Macy's is working with "city, government and community leaders" in New York for plans "to build a commercial office tower while continuing to operate this iconic store as our national flagship," a Macy's spokesperson told Retail Dive in an email.
The proposal for the department store's Herald Square flagship, which was first reported by Bloomberg but has few details, is "the best way to unlock the store's underlying real estate value and promote economic activity in the area," the spokesperson said. "But we're still early in this process and there are a number of hurdles we need to cross before we can share more concrete details."
Similar plans were first floated in 2016, according to a New York Post article from that time. The Palladian facaded building has been on the site since 1902 and, thanks to several additions over decades, now spans almost the entire block, which boundaries Broadway, Seventh Avenue and 34th and 35th streets.
Macy's boasts a formidable real estate portfolio that has garnered it some nice proceeds as it has trimmed its over-stored portfolio in recent years. The department store has shuttered some 100 stores nationwide since 2016.
"Macy's, like Sears and to a lesser extent JC Penney, is really two separate companies today — a largely obsolete retailer and an enormously valuable real estate company," Nick Egelanian, president of retail development consultants Siteworks, told Retail Dive in an email. "Sears funded decades of operating losses by selling its most valuable real estate (actual real estate and long term leasehold rights) and eventually figured out how to directly monetize parts of its remaining 'fleet' by creating [real estate investment trust] Seritage. Macy's is in a similar position. While it still operates profitable stores on the coasts, much of the rest of its fleet is simply not viable for retail any longer."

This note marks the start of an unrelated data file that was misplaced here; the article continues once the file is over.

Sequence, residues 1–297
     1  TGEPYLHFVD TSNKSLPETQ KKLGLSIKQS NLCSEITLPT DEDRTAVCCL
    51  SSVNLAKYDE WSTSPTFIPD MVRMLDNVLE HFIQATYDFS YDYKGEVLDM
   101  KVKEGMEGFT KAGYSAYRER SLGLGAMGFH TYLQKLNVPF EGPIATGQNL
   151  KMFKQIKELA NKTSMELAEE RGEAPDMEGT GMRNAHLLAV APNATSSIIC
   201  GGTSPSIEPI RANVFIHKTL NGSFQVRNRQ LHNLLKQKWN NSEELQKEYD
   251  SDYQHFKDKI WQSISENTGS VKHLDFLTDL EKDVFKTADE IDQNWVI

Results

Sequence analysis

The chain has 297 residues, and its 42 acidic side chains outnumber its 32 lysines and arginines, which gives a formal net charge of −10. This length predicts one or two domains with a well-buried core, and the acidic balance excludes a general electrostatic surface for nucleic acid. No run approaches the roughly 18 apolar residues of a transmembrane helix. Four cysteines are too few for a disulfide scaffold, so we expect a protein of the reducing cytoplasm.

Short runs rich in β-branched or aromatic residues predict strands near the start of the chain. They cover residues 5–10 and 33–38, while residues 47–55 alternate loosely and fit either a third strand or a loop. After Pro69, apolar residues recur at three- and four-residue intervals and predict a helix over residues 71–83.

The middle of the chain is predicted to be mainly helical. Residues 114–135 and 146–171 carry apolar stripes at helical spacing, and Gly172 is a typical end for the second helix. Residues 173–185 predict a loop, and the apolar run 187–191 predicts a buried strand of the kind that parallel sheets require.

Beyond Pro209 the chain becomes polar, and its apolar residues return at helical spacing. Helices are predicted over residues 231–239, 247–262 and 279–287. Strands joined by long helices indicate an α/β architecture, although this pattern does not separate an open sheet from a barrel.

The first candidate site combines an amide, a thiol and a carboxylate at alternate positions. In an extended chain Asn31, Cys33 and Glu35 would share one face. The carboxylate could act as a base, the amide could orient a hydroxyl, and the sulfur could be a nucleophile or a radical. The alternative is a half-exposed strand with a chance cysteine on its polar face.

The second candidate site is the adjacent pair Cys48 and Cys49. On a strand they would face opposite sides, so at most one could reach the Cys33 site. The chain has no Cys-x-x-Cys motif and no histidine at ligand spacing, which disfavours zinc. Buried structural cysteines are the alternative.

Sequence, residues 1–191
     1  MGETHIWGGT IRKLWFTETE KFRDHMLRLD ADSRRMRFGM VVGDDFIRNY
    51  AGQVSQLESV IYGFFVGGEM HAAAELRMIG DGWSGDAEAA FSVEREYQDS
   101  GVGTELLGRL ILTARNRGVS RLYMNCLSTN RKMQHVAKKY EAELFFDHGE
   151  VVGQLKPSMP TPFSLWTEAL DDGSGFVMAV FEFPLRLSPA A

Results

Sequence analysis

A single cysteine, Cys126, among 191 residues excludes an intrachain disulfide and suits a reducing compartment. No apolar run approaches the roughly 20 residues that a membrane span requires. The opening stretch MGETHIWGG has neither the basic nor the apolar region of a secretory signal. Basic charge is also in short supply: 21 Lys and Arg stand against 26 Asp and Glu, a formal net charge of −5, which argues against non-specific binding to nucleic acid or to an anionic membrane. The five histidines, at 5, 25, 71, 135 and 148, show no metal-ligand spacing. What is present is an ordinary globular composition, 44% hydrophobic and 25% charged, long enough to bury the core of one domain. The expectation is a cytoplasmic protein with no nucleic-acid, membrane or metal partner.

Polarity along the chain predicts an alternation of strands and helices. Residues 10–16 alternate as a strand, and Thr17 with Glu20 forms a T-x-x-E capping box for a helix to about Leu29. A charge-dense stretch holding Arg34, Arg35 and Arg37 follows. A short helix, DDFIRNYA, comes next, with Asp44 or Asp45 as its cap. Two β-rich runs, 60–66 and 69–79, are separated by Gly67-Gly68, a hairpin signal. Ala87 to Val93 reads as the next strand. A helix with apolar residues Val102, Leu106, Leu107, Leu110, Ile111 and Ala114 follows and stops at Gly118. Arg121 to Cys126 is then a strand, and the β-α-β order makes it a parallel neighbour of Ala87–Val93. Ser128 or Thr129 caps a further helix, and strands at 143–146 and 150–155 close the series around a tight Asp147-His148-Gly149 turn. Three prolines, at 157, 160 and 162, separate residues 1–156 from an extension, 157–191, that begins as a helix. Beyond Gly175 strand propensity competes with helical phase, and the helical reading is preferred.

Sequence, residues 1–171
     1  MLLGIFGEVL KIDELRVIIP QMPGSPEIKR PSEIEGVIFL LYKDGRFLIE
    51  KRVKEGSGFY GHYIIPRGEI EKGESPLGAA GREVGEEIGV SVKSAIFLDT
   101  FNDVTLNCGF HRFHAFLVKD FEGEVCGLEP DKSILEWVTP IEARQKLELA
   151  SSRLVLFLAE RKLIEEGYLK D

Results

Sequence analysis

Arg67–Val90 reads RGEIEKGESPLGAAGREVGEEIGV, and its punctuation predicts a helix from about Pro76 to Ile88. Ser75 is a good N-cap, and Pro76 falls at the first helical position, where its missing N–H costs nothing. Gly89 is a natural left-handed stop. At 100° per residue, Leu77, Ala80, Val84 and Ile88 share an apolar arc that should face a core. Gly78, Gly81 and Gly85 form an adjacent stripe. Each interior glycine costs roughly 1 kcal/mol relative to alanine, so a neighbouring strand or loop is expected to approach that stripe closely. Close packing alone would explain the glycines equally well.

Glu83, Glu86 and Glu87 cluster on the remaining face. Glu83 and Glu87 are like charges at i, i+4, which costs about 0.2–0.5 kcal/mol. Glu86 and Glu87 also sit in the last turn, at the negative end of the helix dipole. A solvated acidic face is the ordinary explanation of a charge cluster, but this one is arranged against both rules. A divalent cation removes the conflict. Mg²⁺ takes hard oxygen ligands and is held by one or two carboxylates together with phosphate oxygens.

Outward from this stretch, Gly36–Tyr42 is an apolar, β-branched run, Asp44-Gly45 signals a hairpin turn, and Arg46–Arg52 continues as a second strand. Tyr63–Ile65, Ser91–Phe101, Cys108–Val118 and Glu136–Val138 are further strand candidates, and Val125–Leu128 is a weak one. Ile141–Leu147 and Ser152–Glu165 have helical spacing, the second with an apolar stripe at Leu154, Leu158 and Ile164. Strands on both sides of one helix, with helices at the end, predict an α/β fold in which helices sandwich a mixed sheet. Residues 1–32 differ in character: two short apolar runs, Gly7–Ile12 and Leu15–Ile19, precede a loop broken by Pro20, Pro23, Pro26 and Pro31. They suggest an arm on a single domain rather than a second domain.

There was never a chance that the company would unload its iconic flagship, Macy's said. "Herald Square is a highly productive and profitable store and is important to our brand, to our customers and to the neighborhood," according to the spokesperson's statement. And Macy's real estate assets, including its flagship, are different than Sears', according to Egelanian.
"I don't know the office market at Herald Square per se, but I am quite confident that over the long term, densifying its holdings at Heralds Square is a very sound real estate strategy that will make sense for Macy's investors and shareholders," he said.
The building is too large for retail in the age of e-commerce and in a city that just unveiled a massive new retail development in Hudson Yards. Among the many questions surrounding these early plans is whether an office or mixed-use addition could attract tenants, according to Mark Cohen, director of retail studies at Columbia University's Graduate School of Business.
"There's no question that Macy's Herald Square store is way overspaced and that some amount of that excess space carries value that could be liberated via some form of sale and redevelopment," he told Retail Dive in an email. "But I can't imagine a commercial tenant or residential developer paying any kind of premium to occupy space in what is a cluttered and crowded location in place of far more attractive alternatives such as Hudson Yards."
Whatever plan Macy's ultimately does unveil promises to be controversial, according to architect Bruce Kopytek, who writes about department store history, including their often iconic buildings, and has worked on various retail store additions and renovations. He noted that similar plans to build an office tower atop Grand Central Station were quashed by historic preservation activists led by Jackie Kennedy Onassis, in a 1978 Supreme Court decision that also helped establish the New York City landmarks law that Macy's executives are no doubt coming up against today, he said. And the project is likely to be highly disruptive to the surrounding area as well as to the building itself.
"That Macy's store is really a beautiful building, and it's one more affront on history," he said in an interview. "You can't just build on top of that building. You need four-foot holes to the foundation, which in New York goes down to bedrock. The ensemble of buildings there has its own scale. Putting a new modernist tower on top of it is a little bit of an affront to my senses, and I think it would be to a lot of people."